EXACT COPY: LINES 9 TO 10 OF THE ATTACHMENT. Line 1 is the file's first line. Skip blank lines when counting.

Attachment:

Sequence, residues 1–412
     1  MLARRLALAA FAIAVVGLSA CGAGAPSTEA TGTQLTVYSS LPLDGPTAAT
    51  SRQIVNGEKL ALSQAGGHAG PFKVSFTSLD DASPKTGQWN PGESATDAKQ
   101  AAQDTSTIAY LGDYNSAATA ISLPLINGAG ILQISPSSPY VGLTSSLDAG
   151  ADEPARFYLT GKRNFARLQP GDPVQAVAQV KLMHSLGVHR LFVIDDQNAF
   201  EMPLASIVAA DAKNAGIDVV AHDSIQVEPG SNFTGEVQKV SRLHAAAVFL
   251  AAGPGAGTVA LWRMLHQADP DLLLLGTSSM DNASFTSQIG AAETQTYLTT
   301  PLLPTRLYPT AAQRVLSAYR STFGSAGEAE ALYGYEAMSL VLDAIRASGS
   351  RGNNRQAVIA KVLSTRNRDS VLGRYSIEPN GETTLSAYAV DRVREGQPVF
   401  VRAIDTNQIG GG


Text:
   351  RGNNRQAVIA KVLSTRNRDS VLGRYSIEPN GETTLSAYAV DRVREGQPVF
   401  VRAIDTNQIG GG